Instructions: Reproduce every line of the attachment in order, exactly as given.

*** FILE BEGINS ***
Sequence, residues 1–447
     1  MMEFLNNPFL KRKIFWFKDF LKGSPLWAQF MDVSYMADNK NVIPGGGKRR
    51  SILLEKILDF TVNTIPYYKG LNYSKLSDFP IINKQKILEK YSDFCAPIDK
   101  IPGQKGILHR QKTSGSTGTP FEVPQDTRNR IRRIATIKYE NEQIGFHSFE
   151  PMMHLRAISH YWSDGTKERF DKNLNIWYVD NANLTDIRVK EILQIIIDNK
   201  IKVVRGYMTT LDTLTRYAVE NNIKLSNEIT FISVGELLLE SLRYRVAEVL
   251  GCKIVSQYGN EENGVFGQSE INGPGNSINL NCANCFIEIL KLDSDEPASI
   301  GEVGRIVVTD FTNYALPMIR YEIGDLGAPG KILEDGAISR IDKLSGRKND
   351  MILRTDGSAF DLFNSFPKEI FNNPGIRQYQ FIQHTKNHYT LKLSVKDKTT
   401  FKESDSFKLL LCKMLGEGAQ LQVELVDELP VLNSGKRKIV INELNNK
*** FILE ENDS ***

Sequence, residues 1–447
     1  MMEFLNNPFL KRKIFWFKDF LKGSPLWAQF MDVSYMADNK NVIPGGGKRR
    51  SILLEKILDF TVNTIPYYKG LNYSKLSDFP IINKQKILEK YSDFCAPIDK
   101  IPGQKGILHR QKTSGSTGTP FEVPQDTRNR IRRIATIKYE NEQIGFHSFE
   151  PMMHLRAISH YWSDGTKERF DKNLNIWYVD NANLTDIRVK EILQIIIDNK
   201  IKVVRGYMTT LDTLTRYAVE NNIKLSNEIT FISVGELLLE SLRYRVAEVL
   251  GCKIVSQYGN EENGVFGQSE INGPGNSINL NCANCFIEIL KLDSDEPASI
   301  GEVGRIVVTD FTNYALPMIR YEIGDLGAPG KILEDGAISR IDKLSGRKND
   351  MILRTDGSAF DLFNSFPKEI FNNPGIRQYQ FIQHTKNHYT LKLSVKDKTT
   401  FKESDSFKLL LCKMLGEGAQ LQVELVDELP VLNSGKRKIV INELNNK